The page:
Brewers issue statement on Ryan Braun’s PED charge

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Brewers chairman and principal owner Mark Attanasio issued a statement late Saturday night offering the organization’s official stance on the allegations that left fielder Ryan Braun was using synthetic testosterone during the 2011 season.

If you’re not into reading prepared statements, which almost always lack provocativeness, the gist is this: Braun has been an honorable player since he was drafted in 2005 and his side of the story deserves to be heard before people begin to make judgements.

Via MLB.com, here are Attanasio’s words in full:

“Ryan Braun has been a model citizen in every sense of the word, both in the Milwaukee community and for the Brewers.  Since joining our organization in 2005, he has been a person of character and integrity.

MLB has put a confidential testing program into place, which I personally support, that has a specific review process that must be followed before determining whether a player is in violation.  Ryan has issued a statement that there are highly unusual circumstances surrounding this case that will support his complete innocence and demonstrate that there was absolutely no intentional violation of the program.  We are dealing with an incomplete set of facts and speculation.  Before there is a rush to judgement  Ryan deserves the right to be heard.  We are committed to supporting Ryan to get to the truth of what happened in this unfortunate situation.

As a father, I take the use of prohibited substances seriously, because I know the effects they can have on the body and on a person’s life.  I want the Milwaukee community to know that we support drug testing not only because it is MLB policy but because it is the right thing to do.

I need to acknowledge that at this point the Milwaukee Brewers have not heard from the Office of the Commissioner or any official entity related to the MLB testing programs.  Accordingly we do not have access to any of the facts or knowledge of any of the circumstances that are being circulated in the media with regard to Ryan Braun.  The team will release follow-up statements at the appropriate time.”

Braun is claiming to be “completely innocent” and is currently in arbitration with MLB over the positive test.

Phillies walk off winners thanks to a poor decision by Marcell Ozuna

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The Phillies’ bullpen, which has not been good as of late, gift-wrapped Monday’s game for the Cardinals. Starter Nick Pivetta was brilliant, fanning 13 while allowing two runs in 7 1/3 innings. But things unraveled after he left the game. Victor Arano took over for Edubray Ramos to start the ninth inning with the Phillies leading 4-2, but he allowed a one-out single and a double. After striking out Harrison Bader, Arano appeared to strike out Yairo Munoz for the final out of the game, but the ball trickled through the legs of catcher Andrew Knapp, allowing a run to score and the tying run to move to third base. Lefty Adam Morgan came in to face pinch-hitter Kolten Wong. Wong tied the game up, sneaking a single into center field.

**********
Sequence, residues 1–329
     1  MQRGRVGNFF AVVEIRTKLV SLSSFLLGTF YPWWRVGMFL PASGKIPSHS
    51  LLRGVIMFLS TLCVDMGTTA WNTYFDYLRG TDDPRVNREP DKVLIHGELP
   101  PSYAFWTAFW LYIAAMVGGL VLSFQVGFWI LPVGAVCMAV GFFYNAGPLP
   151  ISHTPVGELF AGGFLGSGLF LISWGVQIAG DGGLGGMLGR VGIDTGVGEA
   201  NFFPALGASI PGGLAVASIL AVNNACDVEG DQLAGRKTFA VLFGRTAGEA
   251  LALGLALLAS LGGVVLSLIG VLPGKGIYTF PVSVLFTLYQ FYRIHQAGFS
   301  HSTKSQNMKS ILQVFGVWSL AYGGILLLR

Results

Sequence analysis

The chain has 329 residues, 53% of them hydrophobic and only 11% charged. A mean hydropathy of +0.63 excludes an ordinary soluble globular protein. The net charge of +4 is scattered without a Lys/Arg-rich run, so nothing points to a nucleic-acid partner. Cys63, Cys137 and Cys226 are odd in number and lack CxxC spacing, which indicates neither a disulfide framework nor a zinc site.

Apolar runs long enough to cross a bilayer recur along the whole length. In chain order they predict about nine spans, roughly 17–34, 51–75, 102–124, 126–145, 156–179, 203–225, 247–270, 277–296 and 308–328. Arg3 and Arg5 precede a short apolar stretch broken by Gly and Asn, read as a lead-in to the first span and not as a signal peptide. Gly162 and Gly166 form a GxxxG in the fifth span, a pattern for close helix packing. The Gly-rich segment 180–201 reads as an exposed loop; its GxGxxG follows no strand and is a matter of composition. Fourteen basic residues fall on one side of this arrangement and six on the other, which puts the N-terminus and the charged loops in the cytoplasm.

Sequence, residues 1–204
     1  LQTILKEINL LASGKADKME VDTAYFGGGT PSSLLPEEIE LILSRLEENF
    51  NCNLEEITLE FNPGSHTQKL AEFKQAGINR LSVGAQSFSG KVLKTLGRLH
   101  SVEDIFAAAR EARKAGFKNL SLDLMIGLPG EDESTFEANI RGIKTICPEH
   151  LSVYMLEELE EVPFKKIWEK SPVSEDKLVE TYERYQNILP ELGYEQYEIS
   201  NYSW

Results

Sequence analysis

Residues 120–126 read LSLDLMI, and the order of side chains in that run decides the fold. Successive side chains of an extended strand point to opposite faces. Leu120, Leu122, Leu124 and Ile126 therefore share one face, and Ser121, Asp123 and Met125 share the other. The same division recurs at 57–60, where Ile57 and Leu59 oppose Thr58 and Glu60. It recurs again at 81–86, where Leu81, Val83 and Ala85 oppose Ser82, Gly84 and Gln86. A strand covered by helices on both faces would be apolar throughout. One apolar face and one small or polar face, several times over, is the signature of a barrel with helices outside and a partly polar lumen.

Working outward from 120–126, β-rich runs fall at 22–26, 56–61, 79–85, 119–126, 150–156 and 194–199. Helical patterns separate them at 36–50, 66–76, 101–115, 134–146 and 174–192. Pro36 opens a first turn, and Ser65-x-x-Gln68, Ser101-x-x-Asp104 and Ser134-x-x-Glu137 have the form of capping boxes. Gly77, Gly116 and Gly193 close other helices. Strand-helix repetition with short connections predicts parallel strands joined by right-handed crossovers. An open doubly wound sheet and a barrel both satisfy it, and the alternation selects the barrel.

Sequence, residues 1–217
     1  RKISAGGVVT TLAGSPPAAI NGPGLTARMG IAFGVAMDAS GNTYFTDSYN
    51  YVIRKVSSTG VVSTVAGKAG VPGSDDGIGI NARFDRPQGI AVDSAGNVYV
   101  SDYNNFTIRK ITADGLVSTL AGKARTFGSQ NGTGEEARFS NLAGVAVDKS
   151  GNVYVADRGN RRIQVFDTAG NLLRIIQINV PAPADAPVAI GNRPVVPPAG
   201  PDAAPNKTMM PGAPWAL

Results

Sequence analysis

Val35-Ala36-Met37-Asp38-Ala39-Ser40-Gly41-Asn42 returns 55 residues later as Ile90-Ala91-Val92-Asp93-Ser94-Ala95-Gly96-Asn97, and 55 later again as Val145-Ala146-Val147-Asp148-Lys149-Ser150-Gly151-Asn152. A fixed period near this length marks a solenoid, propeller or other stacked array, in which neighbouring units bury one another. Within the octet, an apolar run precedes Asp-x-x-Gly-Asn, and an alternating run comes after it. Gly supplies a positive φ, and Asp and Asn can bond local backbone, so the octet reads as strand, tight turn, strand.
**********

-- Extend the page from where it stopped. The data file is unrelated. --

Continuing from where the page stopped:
In the 10th inning, Jake Thompson gave up the go-ahead run on a leadoff home run to Tommy Pham. It seemed like it was just going to be another one of those losses that have become increasingly common for the Phillies lately. But the Phillies’ offense didn’t go down quietly, even though it hadn’t put a runner on second base since the start of the second inning when J.P. Crawford doubled. In the bottom half of the 10th, Hoskins blooped a single into shallow left-center to start the inning. Hoskins moved to second base on a ground out from Odubel Herrera. Matt Bowman intentionally walked Carlos Santana, then struck out Jesmuel Valentin. That brought up Aaron Altherr, who replaced Nick Williams after Williams took a baseball to the face off of the right field fence. Bowman fell behind 2-1, then threw a 90 MPH fastball that Altherr lined into left field. Rather than keep the ball in front of him, Marcell Ozuna decided to dive for the ball to make the final out, but he missed. The ball trickled past him, allowing the tying and the game-winning runs to score, giving the Phillies a come-from-behind win.

On the list of people happy to see Ozuna miss that ball are Altherr (of course), Arano, Morgan, and Thompson. But perhaps no one was happier than manager Gape Kapler. The win might help take the heat off of him somewhat after another poor performance from the bullpen. When a team struggles, everyone wants a scapegoat and Kapler is an easy target. He has been all year, undeservingly.

Phillies radio broadcaster and former major league reliever Larry Anderson said after the bullpen meltown, “Not everybody can pitch in the ninth inning. And I know Gabe Kapler thinks they can, but they can’t.” Aside from Ramos and Seranthony Dominguez (who was unavailable after throwing 52 pitches between Saturday and Sunday in Milwaukee), no one in that bullpen has been reliable. The closer, Hector Neris, just got optioned to Triple-A. You work with what you have, and right now, Kapler doesn’t have a whole lot. Thankfully for him, he wasn’t punished with another loss thanks to Ozuna.